Raytheon Demonstrates Directed Energy Weapons at Army Exercise
Dept. of the Army
Raytheon recently took down 45 drones during an exercise using a high energy laser and a high-power microwave, company executives said March 20.
The company showed off its technology in early December at the U.S. Army Fires Center of Excellence’s Maneuver Fires Integrated Experiment, or MFIX, in Fort Sill, Oklahoma.
“Already our adversaries, including our low-tech adversaries, have found ways to take advantage of these drone systems and modify them to be a significant threat to the warfighter and our coalition forces abroad,” said Evan Hunt, high-energy laser business development lead at Raytheon’s space and airborne systems division.
So far, the U.S. military has struggled to find a cost-effective way to neutralize these threats, he said during a briefing with reporters in Arlington, Virginia. However, directed energy platforms may be the key to solving that challenge.
During the demonstration, Raytheon displayed two separate technologies — a high energy laser atop a dune buggy and a high-power microwave — that when used in tandem could provide the military with an affordable and effective counter-drone capability, he said.
“High energy laser and high-power microwave are the two most cost-effective solutions when it comes to cost per engagement because they are pure energy,” Hunt said.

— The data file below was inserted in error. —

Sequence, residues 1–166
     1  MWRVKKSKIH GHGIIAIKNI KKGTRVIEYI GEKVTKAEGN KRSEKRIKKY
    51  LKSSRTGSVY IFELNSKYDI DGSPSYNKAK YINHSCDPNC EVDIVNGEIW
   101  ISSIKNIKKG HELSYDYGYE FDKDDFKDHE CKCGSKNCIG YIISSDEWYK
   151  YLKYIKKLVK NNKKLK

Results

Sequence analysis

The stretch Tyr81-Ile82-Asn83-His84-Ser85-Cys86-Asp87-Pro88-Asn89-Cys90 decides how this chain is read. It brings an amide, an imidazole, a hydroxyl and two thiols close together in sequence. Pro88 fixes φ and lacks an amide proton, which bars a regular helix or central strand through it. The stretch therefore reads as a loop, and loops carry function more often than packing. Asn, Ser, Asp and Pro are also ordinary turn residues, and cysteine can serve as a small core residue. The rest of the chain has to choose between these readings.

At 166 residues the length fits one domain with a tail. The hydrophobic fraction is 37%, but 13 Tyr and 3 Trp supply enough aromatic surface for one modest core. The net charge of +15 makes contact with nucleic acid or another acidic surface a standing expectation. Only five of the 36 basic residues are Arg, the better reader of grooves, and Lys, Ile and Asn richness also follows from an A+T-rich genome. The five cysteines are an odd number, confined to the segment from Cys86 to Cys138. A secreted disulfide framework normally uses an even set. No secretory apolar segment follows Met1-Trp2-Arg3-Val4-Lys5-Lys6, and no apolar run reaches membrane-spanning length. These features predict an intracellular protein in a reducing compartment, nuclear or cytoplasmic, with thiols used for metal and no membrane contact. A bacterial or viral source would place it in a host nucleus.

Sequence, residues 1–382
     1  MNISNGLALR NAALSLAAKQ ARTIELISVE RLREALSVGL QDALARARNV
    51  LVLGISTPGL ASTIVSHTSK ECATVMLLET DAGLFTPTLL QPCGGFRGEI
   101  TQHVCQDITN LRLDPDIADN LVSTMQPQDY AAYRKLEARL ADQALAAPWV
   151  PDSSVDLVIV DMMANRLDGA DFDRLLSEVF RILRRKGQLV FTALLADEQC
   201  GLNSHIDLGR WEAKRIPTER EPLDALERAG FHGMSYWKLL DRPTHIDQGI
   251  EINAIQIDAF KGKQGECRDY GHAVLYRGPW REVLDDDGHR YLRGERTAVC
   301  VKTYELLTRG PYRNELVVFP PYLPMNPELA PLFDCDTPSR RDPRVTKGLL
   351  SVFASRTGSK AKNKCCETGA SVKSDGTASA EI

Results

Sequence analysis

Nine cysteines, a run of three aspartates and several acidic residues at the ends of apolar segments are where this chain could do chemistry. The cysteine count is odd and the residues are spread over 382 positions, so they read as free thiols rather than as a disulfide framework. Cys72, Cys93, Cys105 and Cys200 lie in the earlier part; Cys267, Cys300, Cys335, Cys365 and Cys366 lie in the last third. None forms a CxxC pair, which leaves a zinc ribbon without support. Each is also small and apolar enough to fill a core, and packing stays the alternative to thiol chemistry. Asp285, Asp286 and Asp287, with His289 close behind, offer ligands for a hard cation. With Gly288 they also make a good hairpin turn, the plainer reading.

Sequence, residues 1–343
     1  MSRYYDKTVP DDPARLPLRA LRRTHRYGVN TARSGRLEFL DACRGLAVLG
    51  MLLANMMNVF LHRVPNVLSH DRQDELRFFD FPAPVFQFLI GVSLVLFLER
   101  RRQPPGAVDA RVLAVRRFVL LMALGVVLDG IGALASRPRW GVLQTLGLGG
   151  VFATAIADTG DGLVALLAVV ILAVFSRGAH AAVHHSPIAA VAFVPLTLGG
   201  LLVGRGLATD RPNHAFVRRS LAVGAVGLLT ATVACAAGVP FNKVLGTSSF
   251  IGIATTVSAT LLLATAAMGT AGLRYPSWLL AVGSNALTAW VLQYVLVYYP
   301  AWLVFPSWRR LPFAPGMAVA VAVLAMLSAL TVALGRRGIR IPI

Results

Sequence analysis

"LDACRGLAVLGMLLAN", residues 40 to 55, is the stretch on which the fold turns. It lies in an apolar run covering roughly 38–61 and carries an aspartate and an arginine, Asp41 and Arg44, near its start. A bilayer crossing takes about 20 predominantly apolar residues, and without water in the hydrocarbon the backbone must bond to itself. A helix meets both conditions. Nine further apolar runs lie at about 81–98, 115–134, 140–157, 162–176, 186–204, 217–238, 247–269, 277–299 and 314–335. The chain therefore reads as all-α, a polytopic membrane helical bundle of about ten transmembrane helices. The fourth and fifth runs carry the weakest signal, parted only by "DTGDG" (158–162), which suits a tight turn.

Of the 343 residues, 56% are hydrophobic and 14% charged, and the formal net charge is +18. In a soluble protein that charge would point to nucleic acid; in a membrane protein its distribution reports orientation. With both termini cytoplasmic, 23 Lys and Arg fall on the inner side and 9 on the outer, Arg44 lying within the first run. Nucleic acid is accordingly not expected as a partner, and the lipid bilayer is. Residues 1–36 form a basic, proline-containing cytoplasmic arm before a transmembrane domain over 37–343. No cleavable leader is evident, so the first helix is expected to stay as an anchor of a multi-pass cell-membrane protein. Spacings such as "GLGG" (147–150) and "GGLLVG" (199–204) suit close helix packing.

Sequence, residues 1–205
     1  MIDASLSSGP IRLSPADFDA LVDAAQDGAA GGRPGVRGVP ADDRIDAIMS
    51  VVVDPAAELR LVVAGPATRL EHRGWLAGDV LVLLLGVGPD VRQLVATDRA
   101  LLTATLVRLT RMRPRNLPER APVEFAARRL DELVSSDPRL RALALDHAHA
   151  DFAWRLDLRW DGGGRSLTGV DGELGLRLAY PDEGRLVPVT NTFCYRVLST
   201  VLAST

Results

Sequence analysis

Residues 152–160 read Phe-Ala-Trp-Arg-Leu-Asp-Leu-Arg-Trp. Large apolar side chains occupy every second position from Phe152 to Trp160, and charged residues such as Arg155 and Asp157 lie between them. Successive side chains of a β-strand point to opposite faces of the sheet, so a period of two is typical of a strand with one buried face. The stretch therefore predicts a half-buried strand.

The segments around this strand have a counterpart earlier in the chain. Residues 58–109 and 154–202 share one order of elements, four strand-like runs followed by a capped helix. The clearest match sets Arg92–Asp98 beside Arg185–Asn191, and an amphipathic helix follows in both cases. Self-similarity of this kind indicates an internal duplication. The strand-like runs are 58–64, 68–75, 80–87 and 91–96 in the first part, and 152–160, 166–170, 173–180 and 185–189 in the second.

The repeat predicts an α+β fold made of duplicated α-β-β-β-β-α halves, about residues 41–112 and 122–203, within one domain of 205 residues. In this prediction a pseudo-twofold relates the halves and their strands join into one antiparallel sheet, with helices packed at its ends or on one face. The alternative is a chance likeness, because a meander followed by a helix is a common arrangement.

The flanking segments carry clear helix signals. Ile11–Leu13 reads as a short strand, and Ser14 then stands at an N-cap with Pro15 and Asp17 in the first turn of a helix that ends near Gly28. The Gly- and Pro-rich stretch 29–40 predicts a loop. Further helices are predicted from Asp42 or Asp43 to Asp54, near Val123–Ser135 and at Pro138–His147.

The laser offers users the ability to target a rogue drone precisely. The microwave has a larger beam and can take out multiple unmanned aerial vehicles at one time if they are flying in a path formation. The cost per engagement is a matter of cents, he noted.
During the demonstration, the microwave system engaged multiple UAV swarms and downed 33 systems, two and three at a time. The laser, which is also known as HEL, was able to identify, track and destroy 12 drones, according to Raytheon.
Donald Sullivan, chief technologist for directed energy at Raytheon Missile Systems, said the high-power microwave can destroy the electronics on a drone within a second. The system — which fits inside a Connex box — weighs 18,000 pounds, but the company hopes to reduce that.
The high-energy laser system was outfitted on a Polaris MRZR vehicle which is popular among special operations forces, Hunt said. It works in tandem with the company’s multi-spectral targeting system.
“We’ve taken this sensor ball — which is made for … long-range, high-definition video — and married it to a very advanced target acquisition and track software specifically designed for high-energy laser weapon systems,” he said. The combination of those technologies provides enhanced capability for tracking and identifying small drones, he added.
The laser is not fully integrated on the vehicle because it uses lithium-ion batteries for power generation. Those can be recharged or swapped out after about 20 to 40 engagements, Hunt said. However, there are plans to eventually fully integrate the system onto a vehicle. It could potentially operate on a variety of platforms such as the Stryker or the joint light tactical vehicle, he noted.
Topics: Technology Tomorrow, Research and Development, Advanced Weapons, Electronics, Emerging Technologies